(RNS) — San Antonio Archbishop Gustavo García-Siller was driving back to Uvalde, Texas, on Wednesday morning (May 25) — after having spent most of the previous night there accompanying families in the wake of one of the deadliest school shootings — when he passed by an advertisement promoting guns in the Lone Star State.
“We want children and young people to think differently and the common element to all these situations having happened lately in Buffalo, New York, El Paso and Houston, Texas … the common element is guns, lack of control,” García-Siller told Religion News Service as he was en route to Uvalde.
He condemned gun culture, saying guns are treated as idols and a source of pride among people who may feel like “I am powerful with a gun.”
“We don’t want to give up what that means money-wise, business-wise,” he added.
García-Siller said people can’t be “pro-life” and continue to support laws that allow these kind of shootings to happen. He said a “corrupted political system for years has undermined human beings.”
“If our ethics are not consistent with respecting human life, period, no matter color, language, religion, profession, way of life — life is life — then we are not pro-life,” he said.
Nineteen children and two teachers were killed Tuesday after an 18-year-old gunman stormed into Robb Elementary School in Uvalde, a small, predominantly Latino city of about 16,000 residents. The city sits about 80 miles west of San Antonio. About 1 in 5 residents live in poverty.
“What happened yesterday is one more expression of how we leaders have failed,” García-Siller said.
“I have been many years in the United States and I have been working a lot with immigrants and in very impoverished communities, and it’s just, what else? What else can help us realize that we are people, period,” he added.
After the shooting, García-Siller visited Uvalde Memorial Hospital, where many of the shooting victims were taken Tuesday, and he led Mass at Sacred Heart Catholic Church in Uvalde that evening. He planned to spend the day in Uvalde again on Wednesday.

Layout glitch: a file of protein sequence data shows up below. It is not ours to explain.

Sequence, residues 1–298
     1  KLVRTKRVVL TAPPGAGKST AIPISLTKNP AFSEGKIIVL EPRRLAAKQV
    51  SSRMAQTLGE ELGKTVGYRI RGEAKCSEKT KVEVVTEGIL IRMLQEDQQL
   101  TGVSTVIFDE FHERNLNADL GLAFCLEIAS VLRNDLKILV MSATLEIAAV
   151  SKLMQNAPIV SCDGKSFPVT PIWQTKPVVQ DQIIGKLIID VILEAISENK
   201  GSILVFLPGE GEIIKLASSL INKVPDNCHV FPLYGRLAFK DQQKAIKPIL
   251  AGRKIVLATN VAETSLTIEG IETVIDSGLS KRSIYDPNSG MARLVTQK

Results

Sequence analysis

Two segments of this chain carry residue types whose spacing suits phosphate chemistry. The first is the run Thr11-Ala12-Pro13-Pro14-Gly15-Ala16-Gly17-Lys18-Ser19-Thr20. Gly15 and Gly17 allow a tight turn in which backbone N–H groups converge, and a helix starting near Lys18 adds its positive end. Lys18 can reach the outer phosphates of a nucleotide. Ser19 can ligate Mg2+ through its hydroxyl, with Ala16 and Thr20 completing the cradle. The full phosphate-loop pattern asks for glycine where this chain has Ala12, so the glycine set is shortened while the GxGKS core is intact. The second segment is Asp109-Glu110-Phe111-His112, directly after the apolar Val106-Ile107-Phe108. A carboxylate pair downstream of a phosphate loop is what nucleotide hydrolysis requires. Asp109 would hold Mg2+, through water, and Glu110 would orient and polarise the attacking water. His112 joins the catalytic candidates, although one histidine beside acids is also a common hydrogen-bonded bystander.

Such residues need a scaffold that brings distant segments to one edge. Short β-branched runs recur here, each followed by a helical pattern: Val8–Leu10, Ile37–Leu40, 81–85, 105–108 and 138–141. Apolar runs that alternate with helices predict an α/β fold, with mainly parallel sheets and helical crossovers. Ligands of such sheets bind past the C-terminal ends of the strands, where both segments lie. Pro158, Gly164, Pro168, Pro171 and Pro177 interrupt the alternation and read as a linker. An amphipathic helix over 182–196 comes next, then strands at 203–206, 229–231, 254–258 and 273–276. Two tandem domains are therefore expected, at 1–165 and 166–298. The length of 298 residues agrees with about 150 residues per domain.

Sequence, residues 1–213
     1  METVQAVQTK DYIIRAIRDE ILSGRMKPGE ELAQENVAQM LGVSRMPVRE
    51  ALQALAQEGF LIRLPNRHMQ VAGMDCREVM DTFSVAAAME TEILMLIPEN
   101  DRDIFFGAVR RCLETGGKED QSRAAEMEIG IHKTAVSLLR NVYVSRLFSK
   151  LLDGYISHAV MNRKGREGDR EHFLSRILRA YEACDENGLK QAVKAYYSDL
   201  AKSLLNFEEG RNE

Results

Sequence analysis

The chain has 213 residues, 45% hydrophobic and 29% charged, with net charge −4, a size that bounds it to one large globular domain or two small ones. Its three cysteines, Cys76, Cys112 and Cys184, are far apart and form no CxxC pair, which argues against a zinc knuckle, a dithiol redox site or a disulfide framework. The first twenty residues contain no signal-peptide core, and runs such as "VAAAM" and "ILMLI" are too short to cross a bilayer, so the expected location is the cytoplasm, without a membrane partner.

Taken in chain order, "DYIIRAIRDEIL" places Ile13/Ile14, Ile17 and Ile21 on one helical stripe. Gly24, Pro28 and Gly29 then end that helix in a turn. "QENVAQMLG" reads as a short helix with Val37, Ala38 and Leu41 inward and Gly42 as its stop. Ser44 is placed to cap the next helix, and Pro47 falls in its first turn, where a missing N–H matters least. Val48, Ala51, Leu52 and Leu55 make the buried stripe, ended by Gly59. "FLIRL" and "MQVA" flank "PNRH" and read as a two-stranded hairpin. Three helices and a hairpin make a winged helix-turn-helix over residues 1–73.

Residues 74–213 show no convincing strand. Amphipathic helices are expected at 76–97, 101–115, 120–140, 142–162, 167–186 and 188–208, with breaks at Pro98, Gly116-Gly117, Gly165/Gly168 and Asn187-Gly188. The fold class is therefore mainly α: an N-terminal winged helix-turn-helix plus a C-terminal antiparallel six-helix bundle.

García-Siller has met with the husband of one of the teachers killed in the shooting. The archbishop also spoke with a person who called 911 to report the shooting and referenced a woman who drove children to the hospital from the school. “We don’t need heroes. We need just people of goodwill,” he said.
While there was a lot of uncertainty on Tuesday as parents awaited news of their children, now there’s a “piercing pain” knowing the outcome, García-Siller said.
Throughout Texas, a number of houses of worship are holding services and prayer vigils to help the community cope with the aftermath.
St. Ann Catholic Church in La Vernia, Texas, is hosting a Mass Wednesday evening in honor of the victims and families of the shooting.
First Baptist Church of Brackettville is hosting a candlelight prayer vigil Wednesday evening. The Rev. Y.J. Jimenez, the pastor there, accompanied parishioners at the hospital who lost their grandchild in the shooting.
Getty Street Church of Christ in Uvalde is also holding a prayer vigil Wednesday for the surrounding community.
And in Houston, religious leaders are planning an interfaith gathering outside the National Rifle Association’s annual convention this Friday.
Megan Hansen, an elder in the Presbyterian Church, and the Rev. Teresa Kim Pecinovsky, a Disciples of Christ pastor and chaplain in Houston, learned about the convention in the aftermath of the Uvalde massacre and felt called to act.
Pecinovsky said those who support the NRA and the gun lobbying industry “are very much rooted in their own religious perspective.”
“It’s important for us as clergy and people of faith to say that is not the only perspective of people with a faith view,” she said.
Living in Texas, Hansen said, “we’re surrounded by so much of this ‘God and guns’ thought.”
“I’m not even going to call it theology, because I don’t understand how you could think about the divine, and not just in Christianity, but many ways that people considered the creation of the world and the Creator and be able to reconcile that with owning a weapon,” Hansen said.
Added Hansen: “This is very much a Christian problem. Which is one reason we want to be witnesses in this, walking with our other faith communities, because it is our problem. It’s coming from inside our house. ”
No one can deny that our nation is angry, hurt and frustrated due to the senseless violence that continues to plague us; however, the way we address today’s issues is absolutely critical, particularly for us as Christians. Here are a few suggestions on how we can respond to the violence and pain through active faith.
Pray in unity.